Sky Newsday

02 May 2018




SUBJECT/S: Tim Hammond leaving Parliament


LAURA JAYES: I want to bring in his colleague, or former colleague now, the Shadow Finance Minister, Jim Chalmers, and a mate of Tim Hammond's as well. Jim, was this a shock to you? Are you completely understanding of his position here?


JIM CHALMERS, SHADOW MINISTER FOR FINANCE: He is a good mate of mine, Laura, as you say. He's a terrific colleague. He is really a stand-out parliamentarian, an extraordinary political talent, and I think he'll be a big loss to our show. I think anybody who's listened to what Tim has said today on radio, and then now as we've seen in that press conference, would understand that he's coming from such a genuine place that it's hard not to try and understand where he's coming from. He's made it very clear that he thought he could make it work and he was unable to make it work and his priority for the best possible reasons is Lindsay and the kids. 


JAYES: Yeah, and he's got three little kids. He's got a six-month-old. Jim, I know that you've got little kids yourself. How hard is it? I mean, you're in Brisbane. You're not coming from the other side of the country, but how hard is it to do this job?


CHALMERS: There are some days where it is very hard and Tim has done a great job trying to give people a window into those kinds of challenges. The travel associated with it; we know there's lots of travel when we put our hand up for it, so we're not complaining and Tim's not complaining. But we're all just trying to do the best we can, really. It's harder from the West Coast, and Tim was right to say that some people can even make it work from the West Coast, but for all the young parents in the Parliament - and there are heaps of us; there were a lot of young parents elected for the first time in the last two intakes on our side, and I think that's the case on the Coalition side as well - we're all just basically trying to do the best we can. Trying to be good contributors to national politics at the same time as, more importantly, we try to be good parents. Sometimes we do that pretty well, sometimes we do that horribly. The point that Tim has made is, on balance, he couldn't do what he wanted to do at home while maintaining that national political position.


JAYES: Jim Chalmers, there's a huge amount of pressure on politicians at times. As Tim laid out there, not only is there travel involved, but it's 21 or 22 weeks a year back to Parliament; you're also expected to be very visible in your community; you're expected to do local media, national media, and be across really issues. Now, I don't have a lot of sympathy for you in terms of needing to be across issues, but there has been a lot of focus on political expenses, family reunions, how taxpayer funds are used in recent times. Has that been to the detriment of how people view you, how people view your job, and the importance of having your family with you at times?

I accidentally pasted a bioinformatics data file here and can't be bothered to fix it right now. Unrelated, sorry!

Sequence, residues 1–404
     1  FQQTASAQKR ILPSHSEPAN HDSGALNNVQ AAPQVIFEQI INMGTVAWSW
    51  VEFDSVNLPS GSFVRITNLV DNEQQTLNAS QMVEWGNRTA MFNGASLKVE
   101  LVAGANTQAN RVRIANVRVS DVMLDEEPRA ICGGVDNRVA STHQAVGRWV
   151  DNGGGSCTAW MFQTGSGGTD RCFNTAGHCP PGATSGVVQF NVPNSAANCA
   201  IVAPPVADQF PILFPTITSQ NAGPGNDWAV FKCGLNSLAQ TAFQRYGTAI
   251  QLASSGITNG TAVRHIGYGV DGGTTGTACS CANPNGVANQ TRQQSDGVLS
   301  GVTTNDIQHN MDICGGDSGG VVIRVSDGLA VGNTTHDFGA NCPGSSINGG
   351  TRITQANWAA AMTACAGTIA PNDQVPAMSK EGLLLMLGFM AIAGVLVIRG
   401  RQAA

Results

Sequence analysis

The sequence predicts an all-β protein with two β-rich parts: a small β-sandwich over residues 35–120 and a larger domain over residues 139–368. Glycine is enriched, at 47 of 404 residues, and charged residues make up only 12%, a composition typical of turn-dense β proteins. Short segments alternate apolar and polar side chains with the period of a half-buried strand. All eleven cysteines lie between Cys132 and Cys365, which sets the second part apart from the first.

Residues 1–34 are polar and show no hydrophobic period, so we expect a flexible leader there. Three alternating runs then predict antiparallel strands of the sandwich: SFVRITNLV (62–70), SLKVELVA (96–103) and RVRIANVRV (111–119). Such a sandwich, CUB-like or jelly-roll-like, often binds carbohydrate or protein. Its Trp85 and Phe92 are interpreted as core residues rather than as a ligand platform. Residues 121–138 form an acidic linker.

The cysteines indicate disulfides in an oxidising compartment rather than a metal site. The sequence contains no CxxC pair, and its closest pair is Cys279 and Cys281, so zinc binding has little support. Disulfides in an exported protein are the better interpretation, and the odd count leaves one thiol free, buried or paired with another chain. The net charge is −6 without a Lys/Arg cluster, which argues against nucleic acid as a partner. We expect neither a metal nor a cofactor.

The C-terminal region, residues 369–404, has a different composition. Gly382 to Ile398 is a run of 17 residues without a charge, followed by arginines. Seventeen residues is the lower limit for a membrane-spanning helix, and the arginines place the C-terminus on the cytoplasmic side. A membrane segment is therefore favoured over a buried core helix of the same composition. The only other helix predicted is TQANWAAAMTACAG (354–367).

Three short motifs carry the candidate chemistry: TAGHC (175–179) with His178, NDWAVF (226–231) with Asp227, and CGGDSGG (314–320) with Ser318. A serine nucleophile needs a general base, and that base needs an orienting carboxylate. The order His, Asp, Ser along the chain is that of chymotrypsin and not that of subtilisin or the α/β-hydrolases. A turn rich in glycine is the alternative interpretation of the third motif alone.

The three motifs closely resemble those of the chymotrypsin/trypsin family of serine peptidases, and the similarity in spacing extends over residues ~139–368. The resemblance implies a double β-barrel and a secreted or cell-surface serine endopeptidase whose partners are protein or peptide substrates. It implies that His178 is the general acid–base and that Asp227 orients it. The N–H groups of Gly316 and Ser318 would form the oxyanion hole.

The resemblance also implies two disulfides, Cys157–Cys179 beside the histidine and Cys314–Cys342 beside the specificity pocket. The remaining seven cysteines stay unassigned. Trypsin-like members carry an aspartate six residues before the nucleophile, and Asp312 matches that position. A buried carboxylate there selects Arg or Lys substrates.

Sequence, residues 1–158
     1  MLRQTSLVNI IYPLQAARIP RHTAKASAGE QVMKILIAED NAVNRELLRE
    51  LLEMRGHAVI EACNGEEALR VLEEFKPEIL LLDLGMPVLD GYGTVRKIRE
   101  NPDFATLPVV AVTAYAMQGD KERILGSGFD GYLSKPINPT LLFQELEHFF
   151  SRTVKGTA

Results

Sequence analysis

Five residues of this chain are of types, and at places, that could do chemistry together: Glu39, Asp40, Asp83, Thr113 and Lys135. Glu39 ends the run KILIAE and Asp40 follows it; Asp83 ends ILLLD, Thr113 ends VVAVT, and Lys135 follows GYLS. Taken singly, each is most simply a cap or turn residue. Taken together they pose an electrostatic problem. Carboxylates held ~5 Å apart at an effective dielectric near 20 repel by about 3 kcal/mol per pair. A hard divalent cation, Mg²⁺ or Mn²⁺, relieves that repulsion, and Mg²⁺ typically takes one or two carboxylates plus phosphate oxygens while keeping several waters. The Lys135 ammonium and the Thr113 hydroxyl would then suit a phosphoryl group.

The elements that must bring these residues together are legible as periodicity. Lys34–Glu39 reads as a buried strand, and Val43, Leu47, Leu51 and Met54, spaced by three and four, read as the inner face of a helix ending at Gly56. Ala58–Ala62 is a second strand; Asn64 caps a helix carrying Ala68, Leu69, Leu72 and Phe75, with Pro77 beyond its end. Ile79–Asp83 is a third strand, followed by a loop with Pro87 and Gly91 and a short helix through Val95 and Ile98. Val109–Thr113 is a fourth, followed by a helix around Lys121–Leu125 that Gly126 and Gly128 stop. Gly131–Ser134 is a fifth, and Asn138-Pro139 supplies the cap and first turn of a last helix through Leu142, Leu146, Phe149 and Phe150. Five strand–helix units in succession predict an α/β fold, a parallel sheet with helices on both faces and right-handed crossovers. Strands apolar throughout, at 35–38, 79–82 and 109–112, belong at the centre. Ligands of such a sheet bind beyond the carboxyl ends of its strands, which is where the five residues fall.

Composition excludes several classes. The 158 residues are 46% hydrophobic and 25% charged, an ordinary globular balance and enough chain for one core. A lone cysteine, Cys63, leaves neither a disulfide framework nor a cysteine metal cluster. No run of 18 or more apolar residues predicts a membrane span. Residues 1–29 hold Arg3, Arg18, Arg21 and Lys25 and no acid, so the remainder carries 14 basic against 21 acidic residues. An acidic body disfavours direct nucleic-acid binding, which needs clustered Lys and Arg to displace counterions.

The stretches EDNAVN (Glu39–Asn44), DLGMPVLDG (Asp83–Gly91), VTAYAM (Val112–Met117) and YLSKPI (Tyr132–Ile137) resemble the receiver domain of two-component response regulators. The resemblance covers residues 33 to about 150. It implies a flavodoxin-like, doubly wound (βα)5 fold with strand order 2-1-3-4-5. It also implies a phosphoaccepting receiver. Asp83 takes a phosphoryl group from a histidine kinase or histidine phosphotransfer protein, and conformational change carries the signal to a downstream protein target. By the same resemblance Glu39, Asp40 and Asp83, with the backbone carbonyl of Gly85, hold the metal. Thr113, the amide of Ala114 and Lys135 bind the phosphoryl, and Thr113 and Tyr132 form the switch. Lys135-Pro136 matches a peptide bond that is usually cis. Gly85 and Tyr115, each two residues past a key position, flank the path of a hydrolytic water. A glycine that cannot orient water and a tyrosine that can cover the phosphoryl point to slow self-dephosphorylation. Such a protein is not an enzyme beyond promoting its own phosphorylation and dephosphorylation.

CHALMERS: A couple of things about that, Laura. I think first of all, neither Tim nor myself or anyone who's commented so far on his announcement today is asking anyone for sympathy. I think we go into this knowing that it's difficult on family life, but I do think what Tim's done today, and indeed what Kate Ellis did not so long ago, has given people a bit more of an understanding of the kinds of pressures as we go about trying to be good parliamentarians and good parents at the same time. And on the rest of your question, it's not really about how people perceive us. We hope that they have an understanding and an appreciation that we're trying to do the best thing for our local communities, and that's true I think of most, if not all people, who go into politics. Some of the other issues you raise around family travel and that sort of thing, that is for good reason determined by an independent tribunal. And that's a good thing, to have it out of the hands of the politicians. A lot of people talk to you about balancing family life and political life. In fact, it's probably the thing that gets raised most with me and my community, because I try and take my little kids with me on the weekends to events in the electorate. A lot of people talk to you about it. But nobody has come to me and said "here's a way to make it easy" or "here's a way to make it better". I don't have any good ideas for how we make it better. But it does make us reflect, an announcement like today from Tim - someone with such extraordinary upside to have to make that decision. It should make all of us reflect on whether or not there is a way to make things better for young parents in the Parliament.


JAYES: I also reflect on the fact that Tim's a father. Often we can talk about how difficult it is for women and mothers as politicians, but really difficult to be a father as well. I think it makes a huge statement about, I guess, the modern view of a family, and the modern view of a father. We've finally got there.


CHALMERS: It's very, very tough on young mums in the Parliament. It's extraordinarily tough, and without going into names, a lot of my very close friends and colleagues in the Parliament, the way they've managed to juggle it all at the same time has been inspiring, frankly. I thought one of the things that Tim said about being a dad was really poignant, when he said on his radio interview on 6PR this morning: it's not just that your kids need you, it's that you need your kids too. And that's something I think that people are appreciating when it comes to dads in the Parliament.


JAYES: Absolutely, well said Jim Chalmers, good to talk to you today free of policy and politics in a sense. Good just to talk about a very human issue. Thanks so much for that.


CHALMERS: Thank you, Laura.